Thursday, May 18, 2006
Court of Appeal Affirms Sante Kimes’ Murder Conviction
By a MetNews Staff Writer
The Court of Appeal for this district yesterday affirmed the murder conviction of Sante Kimes, who drew a life without parole sentence in California after being convicted of a prior murder in New York.
Kimes and her son, Kenny Kimes, drew prison sentences of more than 100 years each in New York in 2000 for murdering 82-year old socialite Irene Silverman, whose body was never found, in an effort to fraudulently acquire her $7 million townhouse.
Kimes and her son were later convicted in California of the murder of Granada Hills businessman, David Kazdin, whose body was found in a dumpster near Los Angeles International Airport.
The cases were the subject of two made-for-television movies and lurid headlines in tabloids.
In a plea bargain to avoid the possibility of a death sentence, Kenny Kimes admitted killing Kazdin and testified against his mother saying that she sent him to kill Kazdin and that he shot him in the back of the head, then threw the body in a dumpster
In an opinion not approved for publication, Justice Sandy R. Kriegler, writing for the Div. Five panel, said:
“Although defendant was not present at the time of David Kazdin’s murder, the prosecution presented overwhelming evidence that defendant planned, instigated, and actively encouraged that crime for the twin purposes of realizing profits on a loan/insurance scam and eliminating a key witness to that fraudulent scheme.”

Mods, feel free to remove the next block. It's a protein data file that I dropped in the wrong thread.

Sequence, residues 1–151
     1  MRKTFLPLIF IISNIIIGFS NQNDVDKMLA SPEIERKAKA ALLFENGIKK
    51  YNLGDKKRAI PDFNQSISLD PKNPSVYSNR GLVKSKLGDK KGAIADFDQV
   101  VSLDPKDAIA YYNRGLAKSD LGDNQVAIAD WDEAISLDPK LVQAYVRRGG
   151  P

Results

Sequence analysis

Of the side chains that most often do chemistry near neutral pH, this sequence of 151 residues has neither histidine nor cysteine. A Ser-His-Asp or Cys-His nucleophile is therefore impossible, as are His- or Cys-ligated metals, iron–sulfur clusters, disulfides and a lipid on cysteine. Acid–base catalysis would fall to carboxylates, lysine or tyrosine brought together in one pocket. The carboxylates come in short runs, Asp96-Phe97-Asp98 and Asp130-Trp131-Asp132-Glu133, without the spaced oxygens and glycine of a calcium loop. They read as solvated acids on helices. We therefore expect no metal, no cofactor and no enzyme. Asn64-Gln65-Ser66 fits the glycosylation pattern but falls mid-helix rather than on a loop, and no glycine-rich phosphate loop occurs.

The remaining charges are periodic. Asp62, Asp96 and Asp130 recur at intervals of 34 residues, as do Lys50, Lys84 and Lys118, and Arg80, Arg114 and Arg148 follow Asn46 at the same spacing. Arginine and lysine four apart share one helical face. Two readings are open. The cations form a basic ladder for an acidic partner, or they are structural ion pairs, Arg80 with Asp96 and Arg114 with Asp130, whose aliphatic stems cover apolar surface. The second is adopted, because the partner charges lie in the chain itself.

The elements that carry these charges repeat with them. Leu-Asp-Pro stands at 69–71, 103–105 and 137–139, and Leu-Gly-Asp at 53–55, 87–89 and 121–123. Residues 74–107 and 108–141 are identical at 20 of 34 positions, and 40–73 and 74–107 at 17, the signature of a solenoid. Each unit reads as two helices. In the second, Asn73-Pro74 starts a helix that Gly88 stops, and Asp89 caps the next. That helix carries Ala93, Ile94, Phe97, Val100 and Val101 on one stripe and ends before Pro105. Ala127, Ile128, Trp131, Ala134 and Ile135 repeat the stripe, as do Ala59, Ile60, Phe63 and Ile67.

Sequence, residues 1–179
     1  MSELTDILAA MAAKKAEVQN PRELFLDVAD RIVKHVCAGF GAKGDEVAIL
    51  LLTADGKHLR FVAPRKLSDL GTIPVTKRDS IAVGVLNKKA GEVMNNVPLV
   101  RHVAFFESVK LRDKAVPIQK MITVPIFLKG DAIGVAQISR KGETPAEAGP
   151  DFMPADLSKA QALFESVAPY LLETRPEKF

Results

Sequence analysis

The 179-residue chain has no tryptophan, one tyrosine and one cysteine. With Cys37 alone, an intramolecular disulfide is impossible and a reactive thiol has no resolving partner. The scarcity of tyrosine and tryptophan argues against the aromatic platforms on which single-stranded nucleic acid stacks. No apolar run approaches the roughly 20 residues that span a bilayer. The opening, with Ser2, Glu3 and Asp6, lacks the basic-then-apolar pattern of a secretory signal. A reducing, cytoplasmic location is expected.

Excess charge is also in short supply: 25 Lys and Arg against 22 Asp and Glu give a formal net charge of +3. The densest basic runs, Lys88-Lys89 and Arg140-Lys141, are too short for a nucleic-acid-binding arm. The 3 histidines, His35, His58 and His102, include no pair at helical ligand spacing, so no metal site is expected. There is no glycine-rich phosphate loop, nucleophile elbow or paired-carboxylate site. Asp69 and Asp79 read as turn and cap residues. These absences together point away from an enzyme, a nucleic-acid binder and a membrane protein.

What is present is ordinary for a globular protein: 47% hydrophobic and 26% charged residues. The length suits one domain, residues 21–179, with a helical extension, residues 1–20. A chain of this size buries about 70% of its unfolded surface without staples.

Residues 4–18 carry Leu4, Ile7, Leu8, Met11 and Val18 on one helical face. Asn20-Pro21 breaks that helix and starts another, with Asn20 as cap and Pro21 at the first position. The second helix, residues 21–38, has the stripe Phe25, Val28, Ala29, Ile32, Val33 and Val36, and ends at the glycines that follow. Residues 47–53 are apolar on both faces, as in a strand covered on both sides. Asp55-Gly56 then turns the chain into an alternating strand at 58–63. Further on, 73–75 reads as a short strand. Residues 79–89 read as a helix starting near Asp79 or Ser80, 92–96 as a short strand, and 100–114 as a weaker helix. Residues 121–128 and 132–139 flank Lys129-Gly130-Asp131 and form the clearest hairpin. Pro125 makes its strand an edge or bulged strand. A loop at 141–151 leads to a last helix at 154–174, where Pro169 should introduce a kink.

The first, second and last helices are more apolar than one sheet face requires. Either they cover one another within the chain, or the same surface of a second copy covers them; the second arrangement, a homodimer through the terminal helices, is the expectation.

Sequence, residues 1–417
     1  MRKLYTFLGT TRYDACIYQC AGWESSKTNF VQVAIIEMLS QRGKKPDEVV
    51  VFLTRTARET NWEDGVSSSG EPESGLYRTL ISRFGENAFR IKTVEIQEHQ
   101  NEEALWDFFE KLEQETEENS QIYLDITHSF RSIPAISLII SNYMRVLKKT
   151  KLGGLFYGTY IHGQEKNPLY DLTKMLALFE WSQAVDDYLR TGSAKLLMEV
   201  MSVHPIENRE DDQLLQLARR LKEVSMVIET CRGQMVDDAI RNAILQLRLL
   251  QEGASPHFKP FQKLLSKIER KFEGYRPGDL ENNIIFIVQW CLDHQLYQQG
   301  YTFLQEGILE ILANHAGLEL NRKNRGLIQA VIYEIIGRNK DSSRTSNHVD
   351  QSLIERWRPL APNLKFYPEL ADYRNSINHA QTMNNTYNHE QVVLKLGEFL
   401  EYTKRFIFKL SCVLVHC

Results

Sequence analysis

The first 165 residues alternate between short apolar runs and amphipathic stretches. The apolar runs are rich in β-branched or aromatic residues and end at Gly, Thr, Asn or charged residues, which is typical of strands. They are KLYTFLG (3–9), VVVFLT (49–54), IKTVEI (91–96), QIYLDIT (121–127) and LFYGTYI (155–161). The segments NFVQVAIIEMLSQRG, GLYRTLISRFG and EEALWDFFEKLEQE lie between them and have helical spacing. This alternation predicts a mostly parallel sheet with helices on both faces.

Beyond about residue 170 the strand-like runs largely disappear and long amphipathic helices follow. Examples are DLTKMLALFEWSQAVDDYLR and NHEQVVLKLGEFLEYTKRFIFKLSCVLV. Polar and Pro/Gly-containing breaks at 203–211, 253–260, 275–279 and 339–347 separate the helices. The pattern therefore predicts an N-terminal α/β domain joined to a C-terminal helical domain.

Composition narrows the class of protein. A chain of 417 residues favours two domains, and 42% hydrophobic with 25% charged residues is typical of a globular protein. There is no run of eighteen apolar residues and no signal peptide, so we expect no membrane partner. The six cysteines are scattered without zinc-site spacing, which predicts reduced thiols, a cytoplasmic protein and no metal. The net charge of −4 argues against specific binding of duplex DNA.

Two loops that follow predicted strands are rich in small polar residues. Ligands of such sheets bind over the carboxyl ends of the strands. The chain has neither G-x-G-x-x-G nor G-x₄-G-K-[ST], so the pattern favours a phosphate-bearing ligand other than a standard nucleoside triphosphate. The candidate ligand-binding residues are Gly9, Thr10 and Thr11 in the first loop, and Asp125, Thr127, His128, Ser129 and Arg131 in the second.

In her appeal, which was argued May 10, Kimes argued that Superior Court Judge Kathleen Kennedy-Powell erred by not instructing the jury that several witnesses were accomplices and co-conspirators and thus potentially liable for the murder. Kimes claimed that when the trial judge instructed the jury on accomplices, she should have listed the names of these witnesses as being accomplices.
The court was unconvinced. Kreigler wrote:
“Simply stated, there was no solid, credible evidence that those [witnesses] even knew about defendant’s plan to murder Kazdin, much less that they took any knowing steps to promote or encourage its commission.”
Kriegler also rejected Kimes’ claims that she had ineffective assistance of counsel, saying:
“Our review of those arguments shows that they amount to an elaborate exercise in Monday morning quarterbacking. Contrary to defendant’s mistaken approach, we ‘will neither second-guess counsel’s decisions, nor apply the fabled twenty-twenty vision of hindsight.’”
Kimes’ claim that the trial judge erred in not letting her represent herself faired no better. “We reject the claim because the trial court correctly determined that the motion was untimely, and its finding that defendant brought the motion for purposes of delay was entirely supported by the record,” Kriegler wrote.
Seymour I. Amster of Van Nuys represented Kimes on appeal. Deputy Attorney General Michael Johnson argued for the prosecution.
Copyright 2006, Metropolitan News Company